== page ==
Heidi Jannenga: [00:05:00] So being a technology company it’s really the connection and transfer of data right. Being able to push data back and forth between technology platforms and with electronic medical records now being at least from our sector. 80 percent of therapists are now using some sort of ology we own a third a little over a third of the market. So from our perspective is how do we connect with other systems that maybe hospitals are using or large medical practices in which physical therapists can continue to use the platform that is special for them and allow them to document appropriately but yet exchange that data with the referring physician or the hospital system that has the central scheduling hub in which you don’t have to have all the technology you just have to be able to exchange their correct information with other systems to make it the most easiest process for not only the patient but also for the provider and allow that information exchange so that everyone involved with that patient has that information readily available at their fingertips. So for example we are integrated with some of the large health systems like an epic and Cerner. We’re working on a really great platform right now with modernizing medicine right and they are working a lot with orthopedic surgeons which is one of the top providers or referring providers to physical therapy. And so having that sort of exchange of information more readily available not only to the therapist so that they can see the surgical reports they can see exactly what type of surgery what kind of outcomes are being expected by the physician so that they can you know obviously maximize during the treatment process and plan of care that is being developed on the physical therapy side where we had therapies side and then communicating back right so that the physician knows when they come in that patient comes back in for their checkups that hey this is actually being completed and is moving forward in the timeframe in which they all are working together for that patient.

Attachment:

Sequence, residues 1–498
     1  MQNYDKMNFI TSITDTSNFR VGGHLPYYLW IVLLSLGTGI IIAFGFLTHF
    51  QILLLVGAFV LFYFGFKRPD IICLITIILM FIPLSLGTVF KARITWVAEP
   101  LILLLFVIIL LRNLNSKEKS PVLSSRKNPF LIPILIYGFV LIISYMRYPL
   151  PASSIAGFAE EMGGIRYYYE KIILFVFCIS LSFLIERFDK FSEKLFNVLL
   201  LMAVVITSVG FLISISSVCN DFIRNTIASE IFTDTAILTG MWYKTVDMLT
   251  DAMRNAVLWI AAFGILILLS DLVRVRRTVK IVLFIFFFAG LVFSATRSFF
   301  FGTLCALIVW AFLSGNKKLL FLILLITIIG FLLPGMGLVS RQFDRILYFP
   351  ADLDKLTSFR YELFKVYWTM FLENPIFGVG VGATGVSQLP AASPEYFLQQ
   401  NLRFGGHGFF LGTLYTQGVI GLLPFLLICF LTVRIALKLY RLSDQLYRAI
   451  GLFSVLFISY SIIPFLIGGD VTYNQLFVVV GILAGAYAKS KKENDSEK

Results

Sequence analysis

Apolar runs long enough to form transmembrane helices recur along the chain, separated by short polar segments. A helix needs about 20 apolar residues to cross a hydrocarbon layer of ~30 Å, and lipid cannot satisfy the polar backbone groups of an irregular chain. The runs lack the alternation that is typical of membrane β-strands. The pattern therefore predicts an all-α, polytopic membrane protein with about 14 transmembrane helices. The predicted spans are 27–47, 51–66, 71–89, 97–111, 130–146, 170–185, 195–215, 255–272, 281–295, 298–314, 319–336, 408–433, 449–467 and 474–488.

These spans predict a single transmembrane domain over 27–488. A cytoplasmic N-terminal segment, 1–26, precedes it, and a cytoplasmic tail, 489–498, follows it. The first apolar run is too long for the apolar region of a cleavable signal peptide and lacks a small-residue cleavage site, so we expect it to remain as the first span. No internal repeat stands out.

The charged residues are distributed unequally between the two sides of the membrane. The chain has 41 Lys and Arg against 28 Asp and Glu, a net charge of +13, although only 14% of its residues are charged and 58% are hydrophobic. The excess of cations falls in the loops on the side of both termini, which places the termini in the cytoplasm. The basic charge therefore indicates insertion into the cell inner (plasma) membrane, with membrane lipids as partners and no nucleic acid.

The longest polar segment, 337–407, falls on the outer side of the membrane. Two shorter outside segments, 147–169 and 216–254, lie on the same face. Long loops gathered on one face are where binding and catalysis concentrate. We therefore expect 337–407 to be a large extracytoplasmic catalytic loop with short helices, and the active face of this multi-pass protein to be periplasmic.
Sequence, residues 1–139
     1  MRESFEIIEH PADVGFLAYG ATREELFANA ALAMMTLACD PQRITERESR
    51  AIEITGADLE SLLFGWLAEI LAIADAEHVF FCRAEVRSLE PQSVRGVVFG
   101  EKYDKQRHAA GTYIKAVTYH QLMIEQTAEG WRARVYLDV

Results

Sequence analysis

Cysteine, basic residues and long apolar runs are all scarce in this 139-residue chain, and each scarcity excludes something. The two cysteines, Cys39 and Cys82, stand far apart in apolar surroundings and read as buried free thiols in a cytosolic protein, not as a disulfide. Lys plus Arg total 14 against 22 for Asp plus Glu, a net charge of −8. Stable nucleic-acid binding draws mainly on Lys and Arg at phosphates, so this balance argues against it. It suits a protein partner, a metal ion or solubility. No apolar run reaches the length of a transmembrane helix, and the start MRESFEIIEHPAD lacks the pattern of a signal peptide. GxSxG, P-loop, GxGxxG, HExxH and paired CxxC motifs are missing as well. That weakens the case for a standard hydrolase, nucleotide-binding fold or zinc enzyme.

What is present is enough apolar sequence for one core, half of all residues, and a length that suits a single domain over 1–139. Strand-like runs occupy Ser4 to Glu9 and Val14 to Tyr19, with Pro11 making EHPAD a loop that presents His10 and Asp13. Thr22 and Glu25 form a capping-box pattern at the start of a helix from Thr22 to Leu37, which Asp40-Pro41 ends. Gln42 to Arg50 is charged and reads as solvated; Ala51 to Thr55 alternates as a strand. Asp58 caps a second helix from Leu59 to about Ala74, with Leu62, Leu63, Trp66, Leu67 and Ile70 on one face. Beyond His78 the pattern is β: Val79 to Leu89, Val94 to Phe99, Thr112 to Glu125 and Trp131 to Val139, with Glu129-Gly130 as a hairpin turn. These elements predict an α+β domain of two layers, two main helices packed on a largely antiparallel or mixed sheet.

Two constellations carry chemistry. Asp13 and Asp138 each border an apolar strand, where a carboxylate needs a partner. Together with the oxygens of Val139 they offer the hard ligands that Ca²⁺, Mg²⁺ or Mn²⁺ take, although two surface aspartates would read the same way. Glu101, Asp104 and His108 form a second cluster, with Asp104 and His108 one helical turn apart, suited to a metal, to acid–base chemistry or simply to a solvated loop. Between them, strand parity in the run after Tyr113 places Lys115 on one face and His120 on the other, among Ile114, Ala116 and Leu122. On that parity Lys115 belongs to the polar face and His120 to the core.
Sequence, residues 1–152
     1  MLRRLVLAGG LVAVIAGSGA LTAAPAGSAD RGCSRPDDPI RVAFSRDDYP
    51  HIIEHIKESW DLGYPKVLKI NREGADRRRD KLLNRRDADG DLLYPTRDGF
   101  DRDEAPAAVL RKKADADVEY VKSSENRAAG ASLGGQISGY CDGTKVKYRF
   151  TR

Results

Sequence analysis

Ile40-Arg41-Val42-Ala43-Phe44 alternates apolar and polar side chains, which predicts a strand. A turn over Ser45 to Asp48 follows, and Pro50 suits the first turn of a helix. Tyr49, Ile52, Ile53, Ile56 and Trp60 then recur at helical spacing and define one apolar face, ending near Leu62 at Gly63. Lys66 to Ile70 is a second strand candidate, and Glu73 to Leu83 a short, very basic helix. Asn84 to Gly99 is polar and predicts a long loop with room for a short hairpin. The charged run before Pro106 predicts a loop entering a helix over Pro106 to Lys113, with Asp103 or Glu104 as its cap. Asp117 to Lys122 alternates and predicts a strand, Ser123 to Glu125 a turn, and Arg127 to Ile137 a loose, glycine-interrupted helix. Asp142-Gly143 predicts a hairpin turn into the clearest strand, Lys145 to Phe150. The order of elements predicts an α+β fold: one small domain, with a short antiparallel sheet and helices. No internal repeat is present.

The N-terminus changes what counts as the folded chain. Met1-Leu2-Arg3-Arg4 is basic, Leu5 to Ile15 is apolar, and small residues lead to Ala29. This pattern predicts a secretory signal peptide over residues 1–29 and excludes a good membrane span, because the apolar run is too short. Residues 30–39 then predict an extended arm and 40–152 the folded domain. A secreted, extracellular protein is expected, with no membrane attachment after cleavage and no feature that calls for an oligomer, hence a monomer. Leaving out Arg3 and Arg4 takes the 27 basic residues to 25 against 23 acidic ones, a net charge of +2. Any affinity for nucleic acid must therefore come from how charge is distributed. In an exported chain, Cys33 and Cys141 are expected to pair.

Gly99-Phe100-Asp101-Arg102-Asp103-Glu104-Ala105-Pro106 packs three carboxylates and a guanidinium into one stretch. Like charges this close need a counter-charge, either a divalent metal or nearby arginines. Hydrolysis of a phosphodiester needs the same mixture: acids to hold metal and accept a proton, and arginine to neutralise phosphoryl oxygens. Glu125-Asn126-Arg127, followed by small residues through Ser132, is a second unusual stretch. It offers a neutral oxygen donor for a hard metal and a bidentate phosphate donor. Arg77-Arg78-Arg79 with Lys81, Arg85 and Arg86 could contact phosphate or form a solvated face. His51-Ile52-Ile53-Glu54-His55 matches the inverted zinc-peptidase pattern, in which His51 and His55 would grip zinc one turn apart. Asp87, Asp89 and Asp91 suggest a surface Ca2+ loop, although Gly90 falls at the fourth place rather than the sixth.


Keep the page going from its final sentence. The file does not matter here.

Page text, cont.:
Saul Marquez: [00:06:59] Yeah. These are some really novel approaches and it makes you wonder why other companies aren’t doing it and you guys are definitely paving the way here Heidi. What is it that makes you guys different. Why are you guys taking the bull by the horns while others are not.